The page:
Expert Solution for 2011 Scripting Games Beginner Event 8: Use PowerShell to Write Disk File Information for Excel


Summary: Microsoft PowerShell MVP, Doug Finke, gathers file information and writes it to a CSV file that is readable in Excel while solving 2011 Scripting Games Beginner Event 8.

Microsoft Scripting Guy, Ed Wilson, here. Doug Finke is the expert commentator for Beginner Event 8.

Photo of Doug Finke

Doug Finke is a Microsoft PowerShell MVP working for Lab49, a company that builds advanced applications for the financial service industry. Over the last 20 years, Doug has been a developer and author working with numerous technologies. You can catch up with Doug on his blog, Development in a Blink.

Worked solution

Beginner Event 8 in the 2011 Scripting games is a challenge in automating the gathering of disk file information with Windows PowerShell and showing it in a Microsoft Excel spreadsheet, with the least amount of human intervention. I’ll start here:

  1. Get-ChildItem c:\ |
  2.     Select FullName, Length, LastWriteTime |
  3.         Export-Csv –NoTypeInformation .\test.csv
  4. Invoke-Item .\test.csv

This solves the challenge, but it doesn’t get extra points. I’ll highlight a few pieces. In line 1, I get the items in the directory, specifying the root on drive C; and then in line 2, I ask for only three properties. Next, I save the output to test.csv by using the Export-Csv cmdlet. This cmdlet saves the output from the directory listing in a comma-separated format, which Microsoft Excel can read with no problem. The NoTypeInformation parameter omits the first line “#TYPE “. Finally, line 4 uses the Invoke-Item cmdlet, which performs the default action on the specified item. Because I am exporting to text.csv, if I were to double-click on that file in the file explorer, Windows will launch Excel and open it. That is what Invoke-Item does. Pretty cool!

Getting extra credit

Right now, the script is hard coded to work only on the root of drive C, and it is not a reusable function. I want to fix that.

Function Out-Excel ($path=”$pwd”) {

    Get-ChildItem $path |

        Select-Object FullName, Length, LastWriteTime |

        Sort Length -Descending |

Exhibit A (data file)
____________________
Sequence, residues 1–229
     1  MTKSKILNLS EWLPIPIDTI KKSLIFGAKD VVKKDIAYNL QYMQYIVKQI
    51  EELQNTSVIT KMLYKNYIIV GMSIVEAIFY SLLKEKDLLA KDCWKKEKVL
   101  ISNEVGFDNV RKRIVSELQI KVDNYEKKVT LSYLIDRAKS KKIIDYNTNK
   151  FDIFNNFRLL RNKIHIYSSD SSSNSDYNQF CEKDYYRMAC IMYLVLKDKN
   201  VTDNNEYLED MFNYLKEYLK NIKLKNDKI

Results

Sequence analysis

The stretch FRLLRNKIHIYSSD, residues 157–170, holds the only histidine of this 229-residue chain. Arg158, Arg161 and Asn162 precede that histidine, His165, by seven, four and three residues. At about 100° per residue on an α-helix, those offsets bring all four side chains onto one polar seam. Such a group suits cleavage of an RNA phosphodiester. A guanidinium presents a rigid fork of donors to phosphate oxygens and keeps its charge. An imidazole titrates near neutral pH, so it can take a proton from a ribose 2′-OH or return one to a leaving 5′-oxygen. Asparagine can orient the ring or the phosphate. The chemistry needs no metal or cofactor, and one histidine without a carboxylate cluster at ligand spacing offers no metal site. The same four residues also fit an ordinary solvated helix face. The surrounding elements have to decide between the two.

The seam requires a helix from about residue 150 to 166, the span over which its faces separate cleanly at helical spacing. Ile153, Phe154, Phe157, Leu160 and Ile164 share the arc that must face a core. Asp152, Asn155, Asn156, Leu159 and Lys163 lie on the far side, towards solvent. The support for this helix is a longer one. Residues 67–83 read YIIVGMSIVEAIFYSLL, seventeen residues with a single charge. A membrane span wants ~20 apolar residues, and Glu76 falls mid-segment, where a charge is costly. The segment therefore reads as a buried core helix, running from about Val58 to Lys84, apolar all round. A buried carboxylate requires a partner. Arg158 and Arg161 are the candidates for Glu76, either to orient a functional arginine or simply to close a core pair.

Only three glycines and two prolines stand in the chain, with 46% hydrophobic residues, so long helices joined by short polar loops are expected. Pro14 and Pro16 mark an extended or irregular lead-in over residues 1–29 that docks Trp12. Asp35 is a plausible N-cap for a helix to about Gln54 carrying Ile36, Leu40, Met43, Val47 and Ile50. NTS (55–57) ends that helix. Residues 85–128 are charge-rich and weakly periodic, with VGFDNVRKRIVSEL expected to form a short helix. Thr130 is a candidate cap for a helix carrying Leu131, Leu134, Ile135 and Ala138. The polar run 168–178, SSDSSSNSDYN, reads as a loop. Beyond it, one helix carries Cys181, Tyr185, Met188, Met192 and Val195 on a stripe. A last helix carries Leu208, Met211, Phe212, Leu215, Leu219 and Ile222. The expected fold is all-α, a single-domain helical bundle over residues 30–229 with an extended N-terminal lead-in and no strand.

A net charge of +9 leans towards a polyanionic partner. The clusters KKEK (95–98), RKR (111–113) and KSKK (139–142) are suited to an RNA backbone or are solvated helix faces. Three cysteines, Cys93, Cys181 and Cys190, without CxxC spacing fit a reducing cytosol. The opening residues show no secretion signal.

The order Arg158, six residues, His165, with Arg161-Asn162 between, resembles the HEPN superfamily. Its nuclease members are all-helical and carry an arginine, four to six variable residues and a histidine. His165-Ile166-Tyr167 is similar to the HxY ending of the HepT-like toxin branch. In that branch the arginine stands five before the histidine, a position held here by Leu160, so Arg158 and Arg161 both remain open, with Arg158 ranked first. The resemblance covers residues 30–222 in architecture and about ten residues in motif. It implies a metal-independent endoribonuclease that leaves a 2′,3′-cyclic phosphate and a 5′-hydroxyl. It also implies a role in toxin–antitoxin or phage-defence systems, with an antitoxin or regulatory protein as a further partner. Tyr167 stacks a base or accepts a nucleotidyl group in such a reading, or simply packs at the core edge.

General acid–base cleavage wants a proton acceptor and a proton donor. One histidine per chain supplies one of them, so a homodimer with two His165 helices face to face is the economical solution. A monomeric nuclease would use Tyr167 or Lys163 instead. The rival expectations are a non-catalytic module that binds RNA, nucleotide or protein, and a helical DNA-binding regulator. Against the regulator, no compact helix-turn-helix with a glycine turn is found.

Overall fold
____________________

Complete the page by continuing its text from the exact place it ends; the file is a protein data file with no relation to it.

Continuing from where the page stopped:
Export-Csv -NoTypeInformation $pwd\test.csv

    Invoke-Item $pwd\test.csv


Now I can call Out-Excel from the command line, and if I do not specify a directory, it defaults to the present working directory $pwd. This happens because we default the parameter $path to $pwd. I now have options in how I can call this function:


No parameters. Defaults to $pwd

Out-Excel c:\


Out-Excel $PSHOME

Shows the files in the Windows PowerShell home directory

A few more tweaks

Sometimes I pass in the wrong path, I do not want to wait for Excel to come up blank, so I will cause the script to gracefully fail with useful information. In addition, I want to see the largest file first. I will add a Test-Path, a throw and a Sort. Test-Path determines if the path exists. If it does not, I throw, which generates a terminating error. So the script will not continue to the Get-Child or the Invoke-Item parameters, and Excel will not start. After choosing the three properties I want to see, I sort the data by the Length property in descending order.

Function Out-Excel {

    param ($path=”$pwd”)     

    if( -Not (Test-Path $path) ) {

        throw “Cannot find path [$path]”


    Get-ChildItem $path |

        Select-Object FullName, Length, LastWriteTime |

        Sort Length -Descending |

        Export-Csv -NoTypeInformation $pwd\test.csv

    Invoke-Item $pwd\test.csv


I went from a four-line script that pulled specific properties from some data, saved it to a CSV file (with comma-separated values) so that I could automatically review the data in Excel. The final script is 11 lines and results in a flexible reusable script that reports problems quickly so I can recover and provide the correct parameters.

The more you invest in Windows PowerShell by learning key fundamentals like functions, parameters, and built-in cmdlets, the more you reap in becoming more productive.

Thank you for your solution for Beginner Event 8, Doug.

I invite you to follow me on Twitter and Facebook. If you have any questions, send email to me at, or post your questions on the Official Scripting Guys Forum. See you tomorrow. Until then, peace.

Ed Wilson, Microsoft Scripting Guy


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